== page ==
Let $G$ be a finite group, $H \leq G$ a proper subgroup. It is well known that the union of the conjugates of $H$ does not cover $G$. I would like to know of more precise results (even in special cases) saying that the union of conjugates misses some structure.

For example, if $G$ is a Frobenius group, the complement of the union of conjugates is a subgroup (when $1$ is added). Is there any generalization of it? Maybe one could hope to find a submonoid (in the complement) in a more general case?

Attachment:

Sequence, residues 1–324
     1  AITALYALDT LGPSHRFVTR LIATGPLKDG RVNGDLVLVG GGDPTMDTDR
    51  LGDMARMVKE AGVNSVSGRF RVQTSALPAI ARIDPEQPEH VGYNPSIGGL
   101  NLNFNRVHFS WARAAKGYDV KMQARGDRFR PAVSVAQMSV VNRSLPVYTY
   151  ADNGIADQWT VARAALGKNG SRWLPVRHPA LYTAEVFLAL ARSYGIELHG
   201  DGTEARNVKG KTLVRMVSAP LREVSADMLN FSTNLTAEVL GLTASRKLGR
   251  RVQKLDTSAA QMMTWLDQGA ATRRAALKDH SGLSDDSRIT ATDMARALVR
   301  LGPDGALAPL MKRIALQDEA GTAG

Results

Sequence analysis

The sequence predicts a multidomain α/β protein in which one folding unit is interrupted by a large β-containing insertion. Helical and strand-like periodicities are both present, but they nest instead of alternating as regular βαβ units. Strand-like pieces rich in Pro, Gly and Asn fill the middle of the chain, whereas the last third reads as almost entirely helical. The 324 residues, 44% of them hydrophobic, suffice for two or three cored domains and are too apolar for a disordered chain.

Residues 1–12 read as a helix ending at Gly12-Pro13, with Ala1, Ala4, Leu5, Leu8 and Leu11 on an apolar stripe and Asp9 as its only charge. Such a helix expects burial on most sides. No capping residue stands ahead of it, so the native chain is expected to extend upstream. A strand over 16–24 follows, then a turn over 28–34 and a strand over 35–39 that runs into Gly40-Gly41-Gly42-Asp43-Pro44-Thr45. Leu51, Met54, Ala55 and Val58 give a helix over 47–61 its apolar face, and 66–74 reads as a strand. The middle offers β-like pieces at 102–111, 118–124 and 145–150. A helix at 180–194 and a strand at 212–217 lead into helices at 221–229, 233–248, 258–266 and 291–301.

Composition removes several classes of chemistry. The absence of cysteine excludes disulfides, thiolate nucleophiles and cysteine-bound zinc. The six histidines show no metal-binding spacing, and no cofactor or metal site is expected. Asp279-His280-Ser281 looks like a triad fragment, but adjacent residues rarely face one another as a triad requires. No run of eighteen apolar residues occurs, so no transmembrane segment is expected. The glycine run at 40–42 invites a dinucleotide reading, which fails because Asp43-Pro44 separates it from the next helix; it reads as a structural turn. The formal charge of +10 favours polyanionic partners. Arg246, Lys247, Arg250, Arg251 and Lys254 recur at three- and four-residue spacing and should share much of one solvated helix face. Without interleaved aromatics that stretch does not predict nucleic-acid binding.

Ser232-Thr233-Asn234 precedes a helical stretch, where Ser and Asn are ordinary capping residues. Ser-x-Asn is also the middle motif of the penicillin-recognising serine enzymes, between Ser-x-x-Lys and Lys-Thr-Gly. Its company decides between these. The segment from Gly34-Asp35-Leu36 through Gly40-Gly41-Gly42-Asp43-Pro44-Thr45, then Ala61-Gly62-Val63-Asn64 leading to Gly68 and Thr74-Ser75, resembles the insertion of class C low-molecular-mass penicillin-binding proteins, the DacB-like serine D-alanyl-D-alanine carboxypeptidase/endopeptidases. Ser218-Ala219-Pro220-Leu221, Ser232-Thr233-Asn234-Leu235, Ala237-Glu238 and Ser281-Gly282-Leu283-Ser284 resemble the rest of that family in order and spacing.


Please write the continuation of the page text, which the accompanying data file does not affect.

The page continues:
I would like to be able to deduce that this union misses something more specific than just some element

It is possible that there is something we can say if $G$ is a $p$-group.